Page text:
The BMW 2 Series Gran Coupe is a polarizing car for BMW enthusiasts. While objectively not a bad car, there’s a recurring sentiment that it doesn’t feel like a proper BMW. Then there’s the matter of cost, as the new 2er isn’t exactly cheap, despite being an entry-level model. So I thought I’d take a look at what could be had on the used market for far less money and, today, we’re going to take a look at the E90 3 Series.

To be perfectly honest, this came about after reading Car and Driver’s review of the BMW 228i Gran Coupe (which you should read because it’s interesting). In it, Csaba Csere referenced his old 2007 BMW 335i a few times in comparison. So that got me thinking — how exactly does a 2er GC stack up against the E90? That’s when I took a quick look at their specs.

Since it’s been ages since I’d last drive an E90, I can only truly compare these cars on paper. However, there are a few things about its driving dynamics that I can remember, for a bit of reference. Anyway, let’s begin.

E90 BMW 328i

The first thing that really sparked my interest was C&D’s claim that the 2 Series wasn’t really much smaller than the old 3 Series. Turns out, that’s true. In fact, the 2er is actually a fraction of an inch longer than the E90 sedan, with the 2 Series stretching out to 178.2 inches (4,526 mm) and the E90 at 178 inches (4,520 mm). So they’re about as long as one another.

Despite being the same length, the E90 BMW 3 Series actually has a longer wheelbase, at 109 inches (2,760 mm) versus the 2 Series Gran Coupe’s 105.1 inches (2,760 mm). Credit that extra wheelbase length to the E90’s rear-wheel drive nature. Now, typically, front-wheel drive chassis offer better interior space than their rear-wheel drive counterparts. However, according to C&D, that’s not the case, as the 2 Series has less back seat space than the old E90 3 Series. I will say that the 2er has a bigger trunk.

Though, the 2 Series is marginally wider, at 70.1 inches (1,800 mm) versus the E90 at 70 inches (1,780 mm). That’s not enough to make a real difference on the inside but it’s worth noting that the supposedly small car is actually a touch wider than a 3 Series from not too long ago, without providing any more interior space.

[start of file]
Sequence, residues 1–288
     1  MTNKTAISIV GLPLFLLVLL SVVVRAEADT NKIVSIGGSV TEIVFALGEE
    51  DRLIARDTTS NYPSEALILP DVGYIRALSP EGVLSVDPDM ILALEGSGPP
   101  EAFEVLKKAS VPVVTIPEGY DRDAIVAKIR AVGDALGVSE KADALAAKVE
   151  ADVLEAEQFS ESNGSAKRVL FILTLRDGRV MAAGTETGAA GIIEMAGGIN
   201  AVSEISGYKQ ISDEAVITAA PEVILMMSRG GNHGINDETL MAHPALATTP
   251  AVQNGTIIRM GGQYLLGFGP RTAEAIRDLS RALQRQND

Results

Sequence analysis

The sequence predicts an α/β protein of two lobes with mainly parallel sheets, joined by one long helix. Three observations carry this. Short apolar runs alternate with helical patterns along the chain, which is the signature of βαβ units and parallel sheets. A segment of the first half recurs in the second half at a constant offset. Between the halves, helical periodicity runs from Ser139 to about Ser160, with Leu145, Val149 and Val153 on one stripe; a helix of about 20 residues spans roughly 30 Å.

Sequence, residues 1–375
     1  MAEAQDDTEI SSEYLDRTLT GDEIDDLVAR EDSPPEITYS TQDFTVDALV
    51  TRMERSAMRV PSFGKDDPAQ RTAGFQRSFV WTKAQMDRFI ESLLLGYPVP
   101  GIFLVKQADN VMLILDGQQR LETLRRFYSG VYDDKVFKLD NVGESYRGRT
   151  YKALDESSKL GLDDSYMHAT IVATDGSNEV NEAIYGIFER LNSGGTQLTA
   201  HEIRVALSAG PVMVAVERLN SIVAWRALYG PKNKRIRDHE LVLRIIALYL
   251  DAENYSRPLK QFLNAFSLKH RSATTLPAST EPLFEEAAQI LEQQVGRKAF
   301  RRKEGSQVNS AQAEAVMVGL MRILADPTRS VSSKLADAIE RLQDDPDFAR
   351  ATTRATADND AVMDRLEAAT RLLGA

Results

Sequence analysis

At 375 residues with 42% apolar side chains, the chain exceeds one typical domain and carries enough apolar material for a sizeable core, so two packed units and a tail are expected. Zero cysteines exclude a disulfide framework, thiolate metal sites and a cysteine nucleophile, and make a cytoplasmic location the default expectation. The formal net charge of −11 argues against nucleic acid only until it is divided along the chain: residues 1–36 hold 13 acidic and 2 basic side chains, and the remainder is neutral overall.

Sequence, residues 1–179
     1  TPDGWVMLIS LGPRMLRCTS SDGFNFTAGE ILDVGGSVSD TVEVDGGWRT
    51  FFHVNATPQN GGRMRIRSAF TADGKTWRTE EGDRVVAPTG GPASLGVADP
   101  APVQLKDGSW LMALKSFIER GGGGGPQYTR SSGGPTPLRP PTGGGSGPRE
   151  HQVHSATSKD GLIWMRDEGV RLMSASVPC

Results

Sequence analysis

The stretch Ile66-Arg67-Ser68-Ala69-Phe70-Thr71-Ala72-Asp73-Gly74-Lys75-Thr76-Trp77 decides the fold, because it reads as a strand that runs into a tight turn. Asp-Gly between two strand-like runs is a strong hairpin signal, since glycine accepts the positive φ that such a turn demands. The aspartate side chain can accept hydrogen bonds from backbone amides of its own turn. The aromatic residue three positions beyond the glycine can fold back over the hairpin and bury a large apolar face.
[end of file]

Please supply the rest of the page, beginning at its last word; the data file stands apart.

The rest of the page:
So despite being the same length and actually a touch wider, the 2 Series Gran Coupe has a shorter wheelbase and less interior space than the E90 3 Series. But what about price?

Obviously the E90 3er is going to be significantly cheaper, as it’s almost a decade old already, even in its newest model year. However, what about when it was new? According to Car Gurus, the E90 BMW 328i sedan started at $33,095. When adjusted for inflation, that makes it $41,289 in today’s money. What about the 2 Series? In America, the BMW 228i xDrive Gran Coupe starts at $38,495, barely any less than what the adjusted price of the 3er would be.

So for around the same money, the E90 BMW 328i offered more interior space, a more fun rear-wheel drive chassis and a six-cylinder engine. While the 228i Gran Coupe has less interior space, only four-cylinders and isn’t as nice to drive. That’s a pretty huge win for the E90.

However, the new 2er does fight back. While down on cylinders, the 228i Gran Coupe actually makes around the same power and more torque, at 228 hp and 258 lb-ft of torque. Compare that to an E90 BMW 328i with 230 hp and just 200 torques and the new car will walk away from the old one. In fact, the 2 Series is a lot quicker, hitting 60 mph in 5.1 seconds versus the E90 328i’s 6.0 seconds flat. Thank turbocharging for that.

The 2 Series is also more fuel efficient, produces less emissions and features far better cabin technology and safety. That’s just the nature of it’s time, as the E90 was developed during a time of looser emissions and safety regulations. Though, I’d argue that its increased efficiency is outweighed by its high price tag.

Where the BMW 328i claws back in terms of performance is in its intangibles. Sure, the 2 Series is quicker but the 3 Series will sound better, feel better and thrill you more, even in a straight line. The 2.0 liter turbo-four of the 2 Series is a great engine but it has nothing on a brilliant, naturally-aspirated, free-revving BMW inline-six. Plus, the E90 3 Series could be had with a manual gearbox. Not so in the 2 Series.

Throw both cars into some curves and the intangible gap between the two cars gets even bigger. There isn’t a car enthusiast on the planet that would drive the E90 3 Series and 2 Series Gran Coupe back-to-back and choose the 2er as the better car. The old E90 is just sweeter to drive in every measurable and immeasurable way.

In the end, what have we really proven? Well, nothing really. If I’m honest, this will fall on deaf ears. No one who’s looking to buy (see: lease) the 228i Gran Coupe is ever going to cross-shop a used 3 Series. They want something new, something stylish (I’m using that word loosely) and something they can get rid of in three years for a new one. I get that. But it’s our job as enthusiasts to take a closer look at cars and see which ones are worth buying.

While the new 2 Series Gran Coupe is a step up over the E90 in terms of power, tech and efficiency, it’s also a step backward in a few areas. Next, we’re going to see how it compares to the current BMW 330i. That should be interesting.